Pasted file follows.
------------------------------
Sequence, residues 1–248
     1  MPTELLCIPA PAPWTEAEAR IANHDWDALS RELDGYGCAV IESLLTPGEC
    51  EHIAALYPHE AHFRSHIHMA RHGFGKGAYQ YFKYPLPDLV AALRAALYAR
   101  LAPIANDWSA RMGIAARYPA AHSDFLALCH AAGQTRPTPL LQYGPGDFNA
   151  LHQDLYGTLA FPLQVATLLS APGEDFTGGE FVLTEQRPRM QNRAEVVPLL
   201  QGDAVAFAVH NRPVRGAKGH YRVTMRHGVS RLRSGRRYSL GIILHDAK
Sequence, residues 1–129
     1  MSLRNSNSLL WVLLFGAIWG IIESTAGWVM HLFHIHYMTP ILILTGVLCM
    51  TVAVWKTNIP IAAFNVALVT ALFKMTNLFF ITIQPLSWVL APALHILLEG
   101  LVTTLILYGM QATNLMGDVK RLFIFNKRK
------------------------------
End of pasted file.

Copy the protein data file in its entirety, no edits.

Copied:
Sequence, residues 1–248
     1  MPTELLCIPA PAPWTEAEAR IANHDWDALS RELDGYGCAV IESLLTPGEC
    51  EHIAALYPHE AHFRSHIHMA RHGFGKGAYQ YFKYPLPDLV AALRAALYAR
   101  LAPIANDWSA RMGIAARYPA AHSDFLALCH AAGQTRPTPL LQYGPGDFNA
   151  LHQDLYGTLA FPLQVATLLS APGEDFTGGE FVLTEQRPRM QNRAEVVPLL
   201  QGDAVAFAVH NRPVRGAKGH YRVTMRHGVS RLRSGRRYSL GIILHDAK
Sequence, residues 1–129
     1  MSLRNSNSLL WVLLFGAIWG IIESTAGWVM HLFHIHYMTP ILILTGVLCM
    51  TVAVWKTNIP IAAFNVALVT ALFKMTNLFF ITIQPLSWVL APALHILLEG
   101  LVTTLILYGM QATNLMGDVK RLFIFNKRK